Kempo brings sweet vibes from Salt Spring
Kempo

It's rare for dancehall artistes to express feelings of hurt whenever they end up on the wrong side of a relationship, but that's what Kempo does on Sad Song, his latest single which was released on November 26.

Produced by Cocojamzmuzik out of Austin, Texas, Sad Song was written by the Montego Bay-born artiste after a relationship went sour.

“It's an expression of sadness in a thoughtful manner. It's something that I had gone through and it was a little bit rocky for me to bounce back and get focused again,” said Kempo.

Sad Song is the second release on the Loving Colors rhythm, which debuted in October with Gyal Flex by Maestro Don.

Born Kemarly Lindo, Kempo is part of the thriving Montego Bay dancehall scene that has emerged in the past decade. He hails from the Salt Spring community of St James, one of several in that parish with a history of gang violence.

Some of his songs are inspired by the crime that has dogged Salt Spring for years. The volatility in his hometown, Kempo notes, has helped him stay the straight and narrow path.

“Wi si a lot of people make a lot of mistakes and from those mistakes we make the right decisions, so I'm very much grateful for that community,” he said.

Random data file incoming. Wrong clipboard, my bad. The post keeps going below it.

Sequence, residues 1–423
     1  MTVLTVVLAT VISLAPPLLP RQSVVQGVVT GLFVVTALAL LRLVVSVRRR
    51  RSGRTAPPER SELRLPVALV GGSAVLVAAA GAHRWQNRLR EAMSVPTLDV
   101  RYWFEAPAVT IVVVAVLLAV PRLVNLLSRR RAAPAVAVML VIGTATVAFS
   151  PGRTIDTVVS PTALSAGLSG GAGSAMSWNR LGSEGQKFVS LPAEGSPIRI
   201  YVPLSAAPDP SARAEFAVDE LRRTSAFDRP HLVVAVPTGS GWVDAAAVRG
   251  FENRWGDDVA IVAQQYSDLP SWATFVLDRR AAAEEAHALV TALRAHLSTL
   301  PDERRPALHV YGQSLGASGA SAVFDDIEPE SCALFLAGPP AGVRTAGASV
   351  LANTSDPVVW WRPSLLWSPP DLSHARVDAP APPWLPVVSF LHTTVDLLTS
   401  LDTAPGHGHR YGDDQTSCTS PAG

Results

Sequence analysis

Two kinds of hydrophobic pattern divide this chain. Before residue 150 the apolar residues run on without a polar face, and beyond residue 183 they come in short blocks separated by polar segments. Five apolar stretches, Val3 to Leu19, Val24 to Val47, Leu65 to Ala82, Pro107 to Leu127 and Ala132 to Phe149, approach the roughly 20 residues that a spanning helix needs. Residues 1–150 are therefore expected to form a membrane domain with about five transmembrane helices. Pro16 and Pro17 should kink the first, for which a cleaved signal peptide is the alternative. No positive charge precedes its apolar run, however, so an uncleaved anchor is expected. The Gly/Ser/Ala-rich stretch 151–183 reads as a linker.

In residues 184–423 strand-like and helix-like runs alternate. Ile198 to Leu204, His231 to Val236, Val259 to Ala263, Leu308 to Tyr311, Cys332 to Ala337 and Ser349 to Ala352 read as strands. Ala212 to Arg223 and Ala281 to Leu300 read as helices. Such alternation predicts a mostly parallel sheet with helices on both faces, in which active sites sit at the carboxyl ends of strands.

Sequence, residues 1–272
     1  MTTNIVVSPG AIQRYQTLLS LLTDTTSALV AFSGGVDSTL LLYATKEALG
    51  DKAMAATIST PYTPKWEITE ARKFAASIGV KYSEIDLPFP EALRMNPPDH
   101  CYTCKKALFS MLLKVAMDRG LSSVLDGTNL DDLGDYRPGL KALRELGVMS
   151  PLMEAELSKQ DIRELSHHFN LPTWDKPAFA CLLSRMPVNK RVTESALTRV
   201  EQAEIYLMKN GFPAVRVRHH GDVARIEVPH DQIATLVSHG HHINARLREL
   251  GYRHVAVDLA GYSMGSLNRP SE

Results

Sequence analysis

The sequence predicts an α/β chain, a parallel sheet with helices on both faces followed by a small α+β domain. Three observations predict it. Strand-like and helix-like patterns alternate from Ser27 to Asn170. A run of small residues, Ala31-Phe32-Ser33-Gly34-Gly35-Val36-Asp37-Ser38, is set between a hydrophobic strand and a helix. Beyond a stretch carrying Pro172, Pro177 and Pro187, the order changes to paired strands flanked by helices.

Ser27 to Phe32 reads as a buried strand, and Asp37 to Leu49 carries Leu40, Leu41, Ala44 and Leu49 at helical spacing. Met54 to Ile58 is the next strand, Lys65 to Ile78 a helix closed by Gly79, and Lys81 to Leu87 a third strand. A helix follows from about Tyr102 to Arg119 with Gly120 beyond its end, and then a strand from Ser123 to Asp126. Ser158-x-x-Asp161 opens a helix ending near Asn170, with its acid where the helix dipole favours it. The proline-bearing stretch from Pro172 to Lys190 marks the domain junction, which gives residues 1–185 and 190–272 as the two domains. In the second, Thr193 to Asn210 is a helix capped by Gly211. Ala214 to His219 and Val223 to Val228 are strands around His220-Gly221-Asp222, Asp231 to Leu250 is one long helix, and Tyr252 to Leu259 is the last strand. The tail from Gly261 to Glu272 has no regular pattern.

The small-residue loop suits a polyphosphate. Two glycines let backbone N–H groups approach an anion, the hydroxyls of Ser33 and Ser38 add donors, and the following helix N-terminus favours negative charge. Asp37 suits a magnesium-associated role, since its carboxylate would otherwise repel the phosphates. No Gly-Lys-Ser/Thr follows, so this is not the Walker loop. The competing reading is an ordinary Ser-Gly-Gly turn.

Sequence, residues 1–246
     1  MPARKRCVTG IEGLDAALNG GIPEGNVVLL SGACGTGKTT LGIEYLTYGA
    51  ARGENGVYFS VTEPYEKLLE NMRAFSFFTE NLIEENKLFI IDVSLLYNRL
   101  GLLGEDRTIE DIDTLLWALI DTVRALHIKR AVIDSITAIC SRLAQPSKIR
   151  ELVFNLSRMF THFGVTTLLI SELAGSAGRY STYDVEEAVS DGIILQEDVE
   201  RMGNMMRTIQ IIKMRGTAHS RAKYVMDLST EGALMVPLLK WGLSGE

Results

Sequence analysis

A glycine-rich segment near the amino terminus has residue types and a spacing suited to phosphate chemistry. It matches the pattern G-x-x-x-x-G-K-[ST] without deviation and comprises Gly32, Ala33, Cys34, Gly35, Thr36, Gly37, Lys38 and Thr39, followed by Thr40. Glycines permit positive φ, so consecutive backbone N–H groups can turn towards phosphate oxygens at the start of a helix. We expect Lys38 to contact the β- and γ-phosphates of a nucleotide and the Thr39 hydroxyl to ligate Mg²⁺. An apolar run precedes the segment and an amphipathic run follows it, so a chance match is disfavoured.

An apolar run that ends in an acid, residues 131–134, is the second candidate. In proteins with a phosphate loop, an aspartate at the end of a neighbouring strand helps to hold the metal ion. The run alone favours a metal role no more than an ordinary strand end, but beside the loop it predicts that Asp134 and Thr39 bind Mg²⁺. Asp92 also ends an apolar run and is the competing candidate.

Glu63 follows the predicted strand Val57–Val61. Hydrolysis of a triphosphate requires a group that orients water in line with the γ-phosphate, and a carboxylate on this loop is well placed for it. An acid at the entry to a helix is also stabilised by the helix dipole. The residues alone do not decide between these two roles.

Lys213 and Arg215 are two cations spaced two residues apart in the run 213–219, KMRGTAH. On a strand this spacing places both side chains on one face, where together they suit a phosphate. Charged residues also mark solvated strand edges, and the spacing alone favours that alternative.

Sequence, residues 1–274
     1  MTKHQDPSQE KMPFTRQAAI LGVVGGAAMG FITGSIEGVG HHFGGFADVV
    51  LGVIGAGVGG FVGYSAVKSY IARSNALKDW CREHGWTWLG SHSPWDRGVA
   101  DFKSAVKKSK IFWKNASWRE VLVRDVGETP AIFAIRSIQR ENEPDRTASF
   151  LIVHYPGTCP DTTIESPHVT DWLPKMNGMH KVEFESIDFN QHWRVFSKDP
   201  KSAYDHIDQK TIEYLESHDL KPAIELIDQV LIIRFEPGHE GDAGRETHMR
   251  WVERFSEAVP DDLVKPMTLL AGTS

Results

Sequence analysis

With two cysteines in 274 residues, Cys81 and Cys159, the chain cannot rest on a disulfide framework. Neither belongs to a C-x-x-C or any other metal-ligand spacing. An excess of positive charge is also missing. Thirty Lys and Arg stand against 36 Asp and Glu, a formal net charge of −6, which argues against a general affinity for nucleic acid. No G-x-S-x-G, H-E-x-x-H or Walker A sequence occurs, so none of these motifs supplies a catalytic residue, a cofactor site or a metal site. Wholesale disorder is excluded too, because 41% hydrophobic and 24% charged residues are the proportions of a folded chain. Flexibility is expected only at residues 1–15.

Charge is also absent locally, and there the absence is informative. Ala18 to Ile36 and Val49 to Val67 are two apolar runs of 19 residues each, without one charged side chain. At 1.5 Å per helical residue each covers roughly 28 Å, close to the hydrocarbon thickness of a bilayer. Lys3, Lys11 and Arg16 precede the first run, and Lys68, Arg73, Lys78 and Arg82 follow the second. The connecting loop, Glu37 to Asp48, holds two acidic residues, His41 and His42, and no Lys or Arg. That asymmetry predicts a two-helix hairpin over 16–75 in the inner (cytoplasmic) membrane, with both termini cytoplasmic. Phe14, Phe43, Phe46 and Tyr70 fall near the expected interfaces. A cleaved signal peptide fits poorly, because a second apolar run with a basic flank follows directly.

A nephew of famed Wailers and Now Generation Band keyboardist Earl “Wya” Lindo, he attended Cornwall College for two terms before moving to St Elizabeth where he completed his secondary education at Newell High School.

He later earned a business degree from Bethlehem Moravian College, also in St Elizabeth.

Early awareness of his uncle's achievements and deep admiration for singer Ini Kamoze helped Kempo develop “an intrinsic connection” to music. His first song, Time, was done while in first form for 17th Street Productions.

Follow-up singles include High Grade Options and Protect Me. First Chapter, his lone album, was released last year.

World-famous as a tourist resort, Montego Bay has become dancehall's epicentre through gritty artistes like Tommy Lee Sparta, Rygin King, and Teejay. While he is keen to maintain that dominance, Kempo shies from any regional tag.

“Montego Bay people are a little bit different…we speak different, we act different, we dress different. With that, we tend to have a different flair, a different vibe, a different energy, so people tend to love that,” he said. “Personally, I don't see Montego Bay dancehall different from the Kingston dancehall or the Trelawny dancehall or the St Elizabeth dancehall because we're all doing music. I don't like to lock myself inna a box because I don't do dancehall or reggae; I do music.”

BY HOWARD CAMPBELL Observer senior writer

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